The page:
23 Tweetable Startup Insights From Seth Godin

By Dharmesh Shah on September 1, 2010

Regular readers of this blog know that I’m a long-time admirer of Seth Godin.  He’s one of those “big thinkers” that has the added talent of being able to articulate high-level concepts in an immensely approachable way.  That’s a very rare, and dare I say remarkable intersection of abilities.Seth Godin on Startups

The following is a list of short, pithy insights that I’ve been collecting from Seth’s Blog over the past few months.  They were not all written specifically for startups, but I found them to be particularly relevant for entrepreneurs.  I, like many, think Seth's ideas deserve to be spread.


If you find any of these particularly resonant, there’s a convenient link to tweet it. 

23 Tweetable Startup Insights From Seth Godin

1) Reliance on the tried and true can backfire. [tweet]

2) Sell the problem. No business buys a solution for a problem they don't have. [tweet]

3) Every activity worth doing has a learning curve. [tweet]

4) As the world gets faster, the glacial changes of years and decades are more important, not less. [tweet]

5) Cultural shifts create long terms evolutionary changes. [tweet]

6) Being 1st helps in the short run. Being a little more right pays off in the long run. Last is the worst. [tweet]

7) Build in virality. [tweet]

8) Subscriptions beat one-off sales. [tweet]

9) Treat different customers differently. [tweet]

10) Generate joy. Don't just satisfy a need for a commodity. [tweet]

11) Plan on remarkable experiences, not remarkable ads. [tweet]

12) Don't build a fortress of secrets, bet on open. [tweet]

13) You can get even more done if you give away credit, relentlessly [tweet]

14) Create scarcity but act with abundance. [tweet]

15) Competition validates you. It creates a category. It permits the sale to be this or that, not yes or no. [tweet]

16) There are lots of good reasons to abandon a project. Having a little competition is not one of them. [tweet]

17) It's not who can benefit from what you sell. It's about choosing the customers you'd like to have. [tweet]

18) The customers you fire and those you pay attention to all send signals to the rest of the group. [tweet]

19) 100 people doing something at the same time has far more power than 300 people doing it over time. [tweet]

20) Are you chasing or being chased? Are you leading or following? Are you fleeing or climbing? [tweet]

21) Get it right for ten people before you rush around scaling up to a thousand. [tweet]

22) Highlighting what's working helps you make that happen more often. [tweet]

23) Perfect is overrated. Perfect doesn't scale, either. [tweet]

Which is your favorite?  Any that I missed that you have in your secret stash?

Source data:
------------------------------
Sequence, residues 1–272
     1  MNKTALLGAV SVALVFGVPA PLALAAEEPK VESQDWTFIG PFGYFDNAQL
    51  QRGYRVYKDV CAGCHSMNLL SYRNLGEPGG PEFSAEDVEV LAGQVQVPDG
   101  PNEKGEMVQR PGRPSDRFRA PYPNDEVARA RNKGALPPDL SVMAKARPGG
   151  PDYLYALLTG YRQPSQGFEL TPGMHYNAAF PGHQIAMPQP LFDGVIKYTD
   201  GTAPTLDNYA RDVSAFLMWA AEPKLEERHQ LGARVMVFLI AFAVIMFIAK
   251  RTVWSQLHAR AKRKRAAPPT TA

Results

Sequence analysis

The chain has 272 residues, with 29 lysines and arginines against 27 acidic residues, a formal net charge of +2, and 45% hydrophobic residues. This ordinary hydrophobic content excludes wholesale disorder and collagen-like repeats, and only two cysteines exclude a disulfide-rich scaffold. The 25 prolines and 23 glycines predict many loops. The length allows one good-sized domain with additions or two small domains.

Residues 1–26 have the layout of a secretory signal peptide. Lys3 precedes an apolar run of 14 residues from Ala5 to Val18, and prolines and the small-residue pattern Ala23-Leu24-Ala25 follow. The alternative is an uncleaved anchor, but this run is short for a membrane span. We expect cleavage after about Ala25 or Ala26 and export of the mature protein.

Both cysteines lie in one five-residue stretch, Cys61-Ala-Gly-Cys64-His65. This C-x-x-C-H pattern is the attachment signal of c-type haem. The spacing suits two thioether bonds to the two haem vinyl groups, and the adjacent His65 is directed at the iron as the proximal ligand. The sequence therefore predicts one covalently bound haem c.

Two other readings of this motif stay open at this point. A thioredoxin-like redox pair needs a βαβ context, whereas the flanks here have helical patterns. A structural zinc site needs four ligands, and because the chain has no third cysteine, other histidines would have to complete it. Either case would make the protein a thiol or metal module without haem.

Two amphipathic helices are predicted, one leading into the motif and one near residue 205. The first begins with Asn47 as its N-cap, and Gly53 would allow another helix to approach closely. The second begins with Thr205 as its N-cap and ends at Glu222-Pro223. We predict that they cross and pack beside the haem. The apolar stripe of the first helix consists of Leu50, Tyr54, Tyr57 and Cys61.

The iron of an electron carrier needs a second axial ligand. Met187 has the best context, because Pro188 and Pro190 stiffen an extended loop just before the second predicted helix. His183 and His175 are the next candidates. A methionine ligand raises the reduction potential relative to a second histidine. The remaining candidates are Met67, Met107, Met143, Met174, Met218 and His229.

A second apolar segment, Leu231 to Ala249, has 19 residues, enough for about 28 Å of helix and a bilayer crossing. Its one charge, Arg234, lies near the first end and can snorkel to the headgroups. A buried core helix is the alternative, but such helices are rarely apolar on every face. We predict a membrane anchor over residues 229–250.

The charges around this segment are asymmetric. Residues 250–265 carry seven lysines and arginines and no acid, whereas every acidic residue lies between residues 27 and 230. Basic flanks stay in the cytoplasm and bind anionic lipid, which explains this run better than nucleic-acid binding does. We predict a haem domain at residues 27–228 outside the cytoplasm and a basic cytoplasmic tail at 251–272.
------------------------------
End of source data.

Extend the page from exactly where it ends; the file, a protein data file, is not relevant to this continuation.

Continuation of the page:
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Announcing My New Startup Project: The Most Ambitious Yet

By Dharmesh Shah on August 26, 2010

I am thrilled to announce my most recent — and most ambitious — startup project to date. 

My wife Kirsten and I are now expecting our first child — I’m going to be a dad!

New Ambitous Startup Project: The Details

1. Funding:  Unlike my current startup HubSpot (which has raised $33 million in venture capital), this particular project will be self-funded.  Hopefully, it won’t be quite as capital intensive.

2. Founding Team: Though both founders are new to the domain, we hope to make up for the inexperience with passion and perseverance.describe the image

3. Launch Date:  Scheduled for January, 2011. 

4. Branding:  We haven’t kicked off a branding project yet — will do that as the scheduled launch date approaches.  Meanwhile, we'll use the term, NewBay, Inc. (inspired by that fantastically inspired name, NewCo, Inc.)

5. Management:  Luckily, we have many people interested in helping with this project.  Some will be helping grow the effort on a volunteer basis.

6. Parallel Startups:  Generally, I’m not a fan of working on multiple startup projects simultaneously. But, in this case, it was not avoidable.  HubSpot hasn’t quite hit adulthood yet (and still wants the car keys every Friday night), and this new project couldn't really wait. 

7. Distribution:  We believe there is a market need as evidenced by some recent survey respondents: “Quit working so hard and focus on life a bit. You’re not getting any younger -My Mom”.  “Listen to your mom.”  -My Dad.  Though the sample size for these surveys is not statistically representative, seems like finding early interest in the project will be easy.  Then, using lean startup principles, we’ll iterate from there based on what we learn.

As is the case with any new, early-stage effort, we’re likely to make mistakes.  The hope is that in the the long run (and in this case, it’s a really long run), we will have created something great and made the world a tad better.  Wish us luck!  Exciting times!
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